“You can see throughout their journals that they were always nervous and, unfortunately, when they were nervous, they were very aggressive,” Peters said. “In those days, the English really needed to rely on us and, yes, they were polite as best they could be, but they regarded us as savages nonetheless.”
The events that followed are why current Native Americans view the holiday with disdain—the murder of 700 Pequot Indians in modern-day Connecticut, which then governor John Winthrop proclaimed their victory as an official “Day of Thanksgiving.”
It wasn’t until 1863 that President Abraham Lincoln declared Thanksgiving a national holiday, partly to ease tensions between the divided north and south.
In 1939, President Franklin Roosevelt briefly moved Thanksgiving up a week, in an effort to extend the already important shopping period before Christmas and spur economic activity during the Great Depression.
While the pain of the past is still felt by Native Americans today, Bolleli feels it’s equally important to not flip opposing narratives in order to have a constructive argument over Thanksgiving and colonization.
“The problem with narratives is people fall into political cans. If you want to make a real good case of colonization over 500 years you have to be nuanced about it,” Bolleli said. Otherwise, you’re saying things that can be disproven. Someone can say, ‘Oh, you see, in this case they (Native Americans) did something bad so everything you’re saying is stupid.’ Narratives feed off each other, and then you find that people keep pointing the finger at each other,” he added. “My personal position: colonization was awful, but that’s precisely why I believe that we shouldn’t overgeneralize.”
AIS Director Craig Stone feels the solution in battling the pain of the past is the need for continued education.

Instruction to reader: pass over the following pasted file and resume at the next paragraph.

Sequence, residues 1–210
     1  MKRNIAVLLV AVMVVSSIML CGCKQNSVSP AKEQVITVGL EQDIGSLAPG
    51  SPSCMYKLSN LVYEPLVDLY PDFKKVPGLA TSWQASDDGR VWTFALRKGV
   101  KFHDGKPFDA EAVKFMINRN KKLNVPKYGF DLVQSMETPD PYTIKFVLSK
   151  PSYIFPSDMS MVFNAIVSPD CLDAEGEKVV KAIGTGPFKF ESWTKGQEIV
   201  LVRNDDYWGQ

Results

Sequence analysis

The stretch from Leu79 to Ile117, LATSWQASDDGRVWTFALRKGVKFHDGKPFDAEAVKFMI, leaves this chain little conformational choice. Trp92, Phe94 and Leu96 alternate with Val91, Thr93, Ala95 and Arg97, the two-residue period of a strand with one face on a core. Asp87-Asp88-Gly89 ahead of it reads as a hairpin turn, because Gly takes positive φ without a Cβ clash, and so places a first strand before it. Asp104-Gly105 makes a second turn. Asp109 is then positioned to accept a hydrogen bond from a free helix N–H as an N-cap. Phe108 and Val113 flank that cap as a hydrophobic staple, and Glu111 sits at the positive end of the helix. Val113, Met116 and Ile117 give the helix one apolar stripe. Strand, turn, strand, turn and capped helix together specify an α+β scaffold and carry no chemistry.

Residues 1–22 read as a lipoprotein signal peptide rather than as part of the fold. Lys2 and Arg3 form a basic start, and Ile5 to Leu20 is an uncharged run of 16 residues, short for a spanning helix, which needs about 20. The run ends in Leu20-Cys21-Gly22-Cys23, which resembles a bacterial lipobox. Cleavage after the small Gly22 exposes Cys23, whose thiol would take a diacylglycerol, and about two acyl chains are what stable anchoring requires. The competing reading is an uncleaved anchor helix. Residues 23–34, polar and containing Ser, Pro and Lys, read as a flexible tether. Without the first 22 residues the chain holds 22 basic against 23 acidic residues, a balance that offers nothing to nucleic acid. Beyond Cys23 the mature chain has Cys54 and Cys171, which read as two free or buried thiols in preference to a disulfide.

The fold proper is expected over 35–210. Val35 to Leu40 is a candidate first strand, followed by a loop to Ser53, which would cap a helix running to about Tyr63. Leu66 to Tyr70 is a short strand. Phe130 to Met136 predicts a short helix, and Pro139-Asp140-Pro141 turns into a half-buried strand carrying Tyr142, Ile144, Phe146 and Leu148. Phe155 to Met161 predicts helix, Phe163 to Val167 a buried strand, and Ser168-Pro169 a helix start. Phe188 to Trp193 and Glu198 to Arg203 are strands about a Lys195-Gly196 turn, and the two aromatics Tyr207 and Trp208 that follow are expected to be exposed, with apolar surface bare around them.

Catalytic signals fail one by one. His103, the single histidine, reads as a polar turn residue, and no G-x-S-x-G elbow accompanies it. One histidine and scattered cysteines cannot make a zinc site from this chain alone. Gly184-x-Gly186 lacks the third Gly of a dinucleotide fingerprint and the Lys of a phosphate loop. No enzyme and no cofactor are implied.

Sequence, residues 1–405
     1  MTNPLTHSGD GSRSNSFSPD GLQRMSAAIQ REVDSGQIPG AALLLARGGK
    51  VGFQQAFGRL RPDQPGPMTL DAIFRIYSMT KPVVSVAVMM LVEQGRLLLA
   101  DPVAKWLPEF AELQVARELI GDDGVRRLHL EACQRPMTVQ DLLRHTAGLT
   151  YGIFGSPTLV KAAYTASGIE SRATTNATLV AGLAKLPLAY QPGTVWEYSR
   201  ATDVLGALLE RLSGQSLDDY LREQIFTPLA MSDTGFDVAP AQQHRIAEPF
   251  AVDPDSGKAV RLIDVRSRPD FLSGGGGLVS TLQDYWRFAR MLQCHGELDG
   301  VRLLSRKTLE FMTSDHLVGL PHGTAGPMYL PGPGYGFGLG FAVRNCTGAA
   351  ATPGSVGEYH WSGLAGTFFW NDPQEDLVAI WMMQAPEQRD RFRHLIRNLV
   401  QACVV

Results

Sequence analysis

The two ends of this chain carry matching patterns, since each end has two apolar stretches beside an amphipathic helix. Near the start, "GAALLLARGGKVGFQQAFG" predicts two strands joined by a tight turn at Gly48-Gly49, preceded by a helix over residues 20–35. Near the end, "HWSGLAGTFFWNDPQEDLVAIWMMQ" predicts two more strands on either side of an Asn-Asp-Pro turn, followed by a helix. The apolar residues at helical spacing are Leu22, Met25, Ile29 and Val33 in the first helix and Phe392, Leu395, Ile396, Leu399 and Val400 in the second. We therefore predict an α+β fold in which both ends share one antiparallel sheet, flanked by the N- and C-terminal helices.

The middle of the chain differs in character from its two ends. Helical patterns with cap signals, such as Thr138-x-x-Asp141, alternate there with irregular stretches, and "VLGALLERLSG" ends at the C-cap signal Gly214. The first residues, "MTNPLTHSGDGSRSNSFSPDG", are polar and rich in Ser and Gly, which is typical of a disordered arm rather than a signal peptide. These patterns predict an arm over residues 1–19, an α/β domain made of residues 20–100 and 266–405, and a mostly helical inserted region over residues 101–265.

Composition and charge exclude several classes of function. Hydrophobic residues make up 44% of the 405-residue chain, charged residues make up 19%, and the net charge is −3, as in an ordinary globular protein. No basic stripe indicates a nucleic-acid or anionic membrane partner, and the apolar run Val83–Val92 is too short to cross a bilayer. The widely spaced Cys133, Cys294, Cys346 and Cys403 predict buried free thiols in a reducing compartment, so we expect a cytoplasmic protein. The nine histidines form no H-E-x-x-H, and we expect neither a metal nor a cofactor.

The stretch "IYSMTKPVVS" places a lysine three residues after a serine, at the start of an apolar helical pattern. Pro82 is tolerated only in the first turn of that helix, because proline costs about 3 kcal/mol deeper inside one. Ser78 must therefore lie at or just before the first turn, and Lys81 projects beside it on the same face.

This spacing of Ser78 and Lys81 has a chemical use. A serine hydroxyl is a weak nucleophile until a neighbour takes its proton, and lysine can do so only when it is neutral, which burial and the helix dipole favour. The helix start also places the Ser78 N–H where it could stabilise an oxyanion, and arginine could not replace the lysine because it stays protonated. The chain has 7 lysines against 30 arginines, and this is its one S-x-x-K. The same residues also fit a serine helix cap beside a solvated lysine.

“Anything created by people who oppress you—whether it’s a holiday or a term or a law—there’s always a question of, ‘Why should I privilege that?’” Stone said. “‘What do I know as truthful and essential to one’s own worldview?’ People always point to a problem, but the solution is to educate themselves and educate each other.”
Stone and the AIS department’s methods of further educating students include Long Beach State’s partnership with the Long Beach Unified School District in which students in high school can enroll in an AIS course—one of the first nationally implemented schools to do this.
Another solution is revamping the department’s minor program to make it easier for students to receive a minor in AIS—in which it has 20 partnerships with different departments on campus to make minoring in this field possible.
Other resources on campus includes the American Indians Student Council, where students such as Phoenix host and co-sponsor events that represent American Indian students' views and issues.
Although there’s still plenty of work to be done to help educate future generations, Thanksgiving is still celebrated by many despite its ambiguity.
“Being teachers and educators, more needs to be done in educating future generations and in understanding the legacy they’ve inherited,” Gregor said. “The point was to erase us and take away our land. Just the sheer presence of Indian people today disproves that notion.”
As for Phoenix, it’s a day she and her siblings choose not to celebrate, but rather every day is considered a day of thanks among family and those closest to her.
“Society is not black and white, there’s a lot of gray or reasons and explanations for things and why they happen,” she said. “Being able to be in college and achieve a higher education is an opportunity a lot of people don't have and I’m thankful to have this opportunity."